Read more from our Tips & Tutorials category

Erin Fitzgibbon is a freelance photographer, writer, and teacher, from Ontario, Canada. She specialises in portrait, sport, and fine art photography. In her free time, she escapes to the backcountry or the beach with her family.

  • Delilah RIpley

    Seriously, Digital Photography School? Wasting my time with ridiculously bad shots that are worth only the press of the delete button, but pretentiously presented here as “creative” is not appreciated. As it appears to me this is your regular standard of late, my interest is at the brink of extinguishing, and my tolerance towards such BS is very limited. Waste my time with another similar article garnished with terrible images, and you’ll be blocked from my stream!

  • Erin Fitzgibbon

    Lol… My first ever truly negative comment here on DPS.. Thank you for your thoughts… And the challenge in responding. So here goes.

    Its too bad that experimentation must lead to perfection…. The point of the article was to try something out and share what I had learned from the adventure. I dont pretend to be a god of photography instead I wish to share my learning with others… This was an experiment to see what could be created. I personally believe in being genuine … What type of a person would I be if i pretended every photograph I take is perfect. I feel some of these photographs are a success. While some of them did not turn out right. In my mind thats ok and why would I mislead the public by only showing perfect results. These techniques are difficult. Really difficult. I need to work on them some more. Thats ok I will not ashamed of that.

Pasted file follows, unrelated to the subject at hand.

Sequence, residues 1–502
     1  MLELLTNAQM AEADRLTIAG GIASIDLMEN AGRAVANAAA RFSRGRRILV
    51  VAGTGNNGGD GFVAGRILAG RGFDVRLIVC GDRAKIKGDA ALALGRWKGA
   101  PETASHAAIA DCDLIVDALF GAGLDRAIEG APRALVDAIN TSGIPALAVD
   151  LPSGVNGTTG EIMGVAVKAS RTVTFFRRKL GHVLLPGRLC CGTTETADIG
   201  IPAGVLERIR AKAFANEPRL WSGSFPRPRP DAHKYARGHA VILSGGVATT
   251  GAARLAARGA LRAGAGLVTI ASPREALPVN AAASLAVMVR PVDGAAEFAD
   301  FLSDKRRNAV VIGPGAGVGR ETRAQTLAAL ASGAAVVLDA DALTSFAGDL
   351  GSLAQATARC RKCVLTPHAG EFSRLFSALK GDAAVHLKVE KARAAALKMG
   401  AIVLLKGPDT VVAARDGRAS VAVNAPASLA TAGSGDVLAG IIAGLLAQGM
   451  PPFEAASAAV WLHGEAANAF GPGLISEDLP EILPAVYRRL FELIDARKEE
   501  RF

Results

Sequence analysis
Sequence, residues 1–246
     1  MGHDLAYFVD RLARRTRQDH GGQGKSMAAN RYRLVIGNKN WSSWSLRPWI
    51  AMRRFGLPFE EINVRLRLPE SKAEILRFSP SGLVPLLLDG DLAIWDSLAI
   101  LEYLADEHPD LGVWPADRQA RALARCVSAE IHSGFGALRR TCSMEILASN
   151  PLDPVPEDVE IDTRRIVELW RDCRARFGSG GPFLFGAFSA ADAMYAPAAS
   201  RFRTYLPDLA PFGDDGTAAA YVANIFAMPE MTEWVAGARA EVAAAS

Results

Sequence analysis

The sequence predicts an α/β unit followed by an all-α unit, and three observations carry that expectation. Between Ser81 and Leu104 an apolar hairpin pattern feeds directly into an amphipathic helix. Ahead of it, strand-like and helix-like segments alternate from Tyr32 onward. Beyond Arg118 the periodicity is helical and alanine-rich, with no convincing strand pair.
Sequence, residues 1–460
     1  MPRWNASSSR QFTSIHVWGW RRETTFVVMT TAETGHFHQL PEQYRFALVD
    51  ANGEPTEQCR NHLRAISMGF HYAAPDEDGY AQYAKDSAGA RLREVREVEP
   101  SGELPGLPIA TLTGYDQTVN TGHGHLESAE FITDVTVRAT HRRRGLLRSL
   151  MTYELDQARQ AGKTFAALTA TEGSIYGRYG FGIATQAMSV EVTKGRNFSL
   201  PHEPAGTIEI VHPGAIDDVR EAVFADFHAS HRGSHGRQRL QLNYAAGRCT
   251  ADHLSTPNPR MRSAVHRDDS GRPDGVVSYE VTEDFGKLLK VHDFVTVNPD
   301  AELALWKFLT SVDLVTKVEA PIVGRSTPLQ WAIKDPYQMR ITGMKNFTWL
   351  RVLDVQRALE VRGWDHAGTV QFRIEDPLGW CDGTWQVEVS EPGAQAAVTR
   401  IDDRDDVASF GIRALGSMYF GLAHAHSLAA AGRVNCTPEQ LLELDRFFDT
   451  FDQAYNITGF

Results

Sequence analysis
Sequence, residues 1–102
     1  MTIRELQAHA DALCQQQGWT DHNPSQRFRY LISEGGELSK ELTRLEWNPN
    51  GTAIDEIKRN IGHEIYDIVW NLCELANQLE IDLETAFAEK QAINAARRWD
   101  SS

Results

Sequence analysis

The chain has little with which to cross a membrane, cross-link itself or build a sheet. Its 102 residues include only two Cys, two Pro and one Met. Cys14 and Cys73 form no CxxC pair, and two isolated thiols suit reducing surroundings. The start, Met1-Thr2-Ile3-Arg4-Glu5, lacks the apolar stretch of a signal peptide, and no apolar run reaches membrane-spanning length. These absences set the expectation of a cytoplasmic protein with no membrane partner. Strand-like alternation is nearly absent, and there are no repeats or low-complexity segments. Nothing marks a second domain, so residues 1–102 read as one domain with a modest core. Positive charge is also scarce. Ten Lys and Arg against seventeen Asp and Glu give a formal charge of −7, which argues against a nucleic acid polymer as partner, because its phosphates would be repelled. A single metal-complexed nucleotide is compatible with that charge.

We all have our own tastes and art is subjective. I am confident in my creations. I have sold my art to the government of Canada. Someone loves it. While at times others were not drawn to it. That is just how things go.

    This coming week I am experimenting with light painting. We are attaching Christmas lights to a ceiling fan. I have no idea how it will turn out and I dont mind sharing the results with the public if it means people are thinking and taking risks. If they turn out to be perfect great. If they do not I am ok with that because I will have learned from the experience and will be able to move forward adapting lessons learned to new experiments. Growing and evolving as a creative only happens when one tries something new.

    So cheers Delilah thanks for reading and I wish you the best in your photographic efforts.

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  • Daniel Angulo

    Try some longer lenses, and experiment with shutter speeds, the results can be amazing. https://uploads.disquscdn.com/images/aca14cfa855a9c657d5beec38c04b3592b85b61b24ab97495be67ea3d0200b7b.jpg